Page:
This led into a deep dive in material research. Nature’s endless ability to reuse motivated me to eliminate waste and reimagine it as art. I made frogs from birth control packets to discuss the effects of synthetic estrogen on the environment, learned to cut plastic bags into yarn for crocheting from clips of little old ladies on YouTube, and then began to strip and twist the plastic bags. I would collect and manipulate them into a texture similar to fur or grass. I meticulously apply each plastic piece to build a trash eating scavenger animal sculpture. Plastic doesn’t biodegrade, it photo-degrades. UV light causes it to break down into smaller and smaller particles that are being ingested by wildlife and humans. Raccoons, foxes, rats, opossums, skunks, deer, squirrels and other trash eating wildlife became the main protagonists in my work. My series Plastic Planet was born.
I’ve now learned that the process for making Plastic Planet is incredibly taxing on my body. I literally have athlete sprains from the twisting. The Austin Creative Reuse Center and the Austin Resource Recovery Center has allowed me to discover new materials and resources. New critters and plants are formed using koozies, Easter egg shells, bottle caps as well as other odds and ends discovered at the Reuse Centers, and my own trash picking, like spray paint caps collected from the grounds of the Graffiti Hope Gallery. I’m not much different from the scavenger animals I sculpt. There is a lot of playing around in my studio and this direction for my practice has brought me so much joy and many new connections.
“Education is also an important medium in how I deliver my ideas. I constantly ran into people telling my they didn’t know the topics covered in my art were happening to us or our planet.”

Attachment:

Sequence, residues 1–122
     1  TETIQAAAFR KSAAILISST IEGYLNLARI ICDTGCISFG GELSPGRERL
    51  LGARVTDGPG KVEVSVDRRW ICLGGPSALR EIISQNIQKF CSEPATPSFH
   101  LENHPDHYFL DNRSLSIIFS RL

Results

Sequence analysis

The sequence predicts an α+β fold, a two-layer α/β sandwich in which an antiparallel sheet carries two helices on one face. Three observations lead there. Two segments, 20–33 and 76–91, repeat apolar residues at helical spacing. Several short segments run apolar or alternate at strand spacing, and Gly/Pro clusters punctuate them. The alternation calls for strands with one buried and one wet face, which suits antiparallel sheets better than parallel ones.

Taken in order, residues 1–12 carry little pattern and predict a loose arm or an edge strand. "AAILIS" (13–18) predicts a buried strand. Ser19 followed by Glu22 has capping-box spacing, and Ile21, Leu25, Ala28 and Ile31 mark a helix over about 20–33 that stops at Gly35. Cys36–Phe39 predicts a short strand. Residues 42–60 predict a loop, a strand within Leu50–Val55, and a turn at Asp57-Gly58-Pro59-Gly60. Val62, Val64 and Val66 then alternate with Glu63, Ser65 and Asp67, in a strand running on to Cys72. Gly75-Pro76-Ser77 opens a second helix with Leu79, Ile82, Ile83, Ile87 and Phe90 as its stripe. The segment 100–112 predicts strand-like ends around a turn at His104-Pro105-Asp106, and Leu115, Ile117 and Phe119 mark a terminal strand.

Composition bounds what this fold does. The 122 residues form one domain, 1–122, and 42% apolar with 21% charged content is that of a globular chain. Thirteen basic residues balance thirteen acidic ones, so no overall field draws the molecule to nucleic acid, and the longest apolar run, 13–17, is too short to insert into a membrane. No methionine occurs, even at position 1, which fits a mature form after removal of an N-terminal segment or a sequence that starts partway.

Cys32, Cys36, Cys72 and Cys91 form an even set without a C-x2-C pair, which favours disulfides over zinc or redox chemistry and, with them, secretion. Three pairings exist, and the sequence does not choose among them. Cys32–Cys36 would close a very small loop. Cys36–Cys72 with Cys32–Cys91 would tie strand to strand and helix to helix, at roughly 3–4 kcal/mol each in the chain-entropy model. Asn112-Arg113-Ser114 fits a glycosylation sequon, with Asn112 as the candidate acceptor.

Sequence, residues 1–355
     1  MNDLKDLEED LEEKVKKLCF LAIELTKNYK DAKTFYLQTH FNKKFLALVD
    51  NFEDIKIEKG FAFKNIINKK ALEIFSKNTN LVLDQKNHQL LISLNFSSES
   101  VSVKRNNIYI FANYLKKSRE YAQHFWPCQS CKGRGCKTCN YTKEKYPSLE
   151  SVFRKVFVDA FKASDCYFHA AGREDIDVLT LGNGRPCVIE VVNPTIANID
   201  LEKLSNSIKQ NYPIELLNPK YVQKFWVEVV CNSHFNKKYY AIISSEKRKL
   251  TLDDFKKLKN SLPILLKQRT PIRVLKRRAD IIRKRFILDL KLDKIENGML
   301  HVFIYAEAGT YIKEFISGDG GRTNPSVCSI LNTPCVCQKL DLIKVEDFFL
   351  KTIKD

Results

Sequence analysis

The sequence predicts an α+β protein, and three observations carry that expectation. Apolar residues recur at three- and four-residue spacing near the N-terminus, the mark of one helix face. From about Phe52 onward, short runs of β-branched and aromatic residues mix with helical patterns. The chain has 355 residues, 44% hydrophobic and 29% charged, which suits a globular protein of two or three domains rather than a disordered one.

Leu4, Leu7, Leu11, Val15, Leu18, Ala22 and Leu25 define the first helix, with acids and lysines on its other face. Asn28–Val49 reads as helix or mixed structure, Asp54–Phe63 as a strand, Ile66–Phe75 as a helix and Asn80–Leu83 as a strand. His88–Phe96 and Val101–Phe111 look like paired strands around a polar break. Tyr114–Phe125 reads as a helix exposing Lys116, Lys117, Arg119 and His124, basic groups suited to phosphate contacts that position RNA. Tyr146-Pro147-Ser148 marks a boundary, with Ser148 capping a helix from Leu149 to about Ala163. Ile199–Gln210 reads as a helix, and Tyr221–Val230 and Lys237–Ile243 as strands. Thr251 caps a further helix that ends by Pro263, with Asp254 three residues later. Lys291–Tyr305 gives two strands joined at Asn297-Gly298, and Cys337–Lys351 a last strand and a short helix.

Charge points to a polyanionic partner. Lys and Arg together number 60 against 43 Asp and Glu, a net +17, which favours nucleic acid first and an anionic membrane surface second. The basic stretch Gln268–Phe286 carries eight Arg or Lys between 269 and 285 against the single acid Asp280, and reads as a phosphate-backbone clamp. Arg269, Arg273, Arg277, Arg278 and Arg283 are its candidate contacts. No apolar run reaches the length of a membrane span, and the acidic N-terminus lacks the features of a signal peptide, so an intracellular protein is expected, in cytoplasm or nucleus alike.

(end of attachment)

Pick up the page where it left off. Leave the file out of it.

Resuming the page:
Education is also an important medium in how I deliver my ideas. I constantly ran into people telling my they didn’t know the topics covered in my art were happening to us or our planet. The materiality was a mystery they wanted to touch and explore. Now, all of my work is accompanied by educational workshops and activities that has widened my reach to thousands of school children. My work’s greater purpose is manifesting hope and possibilities for our plastic problem. I bring a second life to your stuff by turning it into a colorful and smiling creature and encourage others to do it. It’s simple, all you need are ideas, hands and a hot glue gun.
Q. Your exhibit at San Antonio’s DoSeum is called, Dream Tomorrow Today. What do you envision the future of teaching and learning to be like?
A. Younger humans have so much information at their disposal. The future classroom must be more experiential and hands-on, not about memorization or staring at screens. Including arts in the curriculum makes a break for individual expression. With our growing anxiety of the future and advanced AI on the way, creative outlets are more important than ever. We need to allow time in learning process for children’s imaginations to run wild, to prepare them for the major changes and challenges they will see in their lifetime. A creative mind is a huge asset for problem-solving.
“The reason I am an art loving, eco-conscious, nature enthusiast is because my early values were nurtured by my educators. That is the space where I want my art to exist. Those self-discovery moments that learning can offer.”
The reason I am an art loving, eco-conscious, nature enthusiast is because my early values were nurtured by my educators. That is the space where I want my art to exist. Those self-discovery moments that learning can offer.
Q. What about the creative process excites you most?
A. Trash is culturally considered waste, not a resource. Nature doesn’t waste, why do we? Bags were banned in Austin from 2013 until the summer of 2018. I was limited on the raw materials I could gather when I first began, which was a good thing, but it meant I had to be creative on how I reached my resources. It began with asking friends and family from around the country to mail me bags. Later friends of friends, Instagram followers and fans of a PBS special on my work sent me bags, begging to be a part of my trash transformation. With the help of my extended community, the Plastic Planet series diverted thousands of plastic bags from the environment. My work has become a community effort and with every connection, someone reconsiders their own consumption. If we all made little changes, it could create a major impact.
Q. What do you hope students, and people of all ages that view your art, take away from the experience?
A. The endless potential in materials, our imaginations and ourselves.
Photos courtesy of Calder Kamin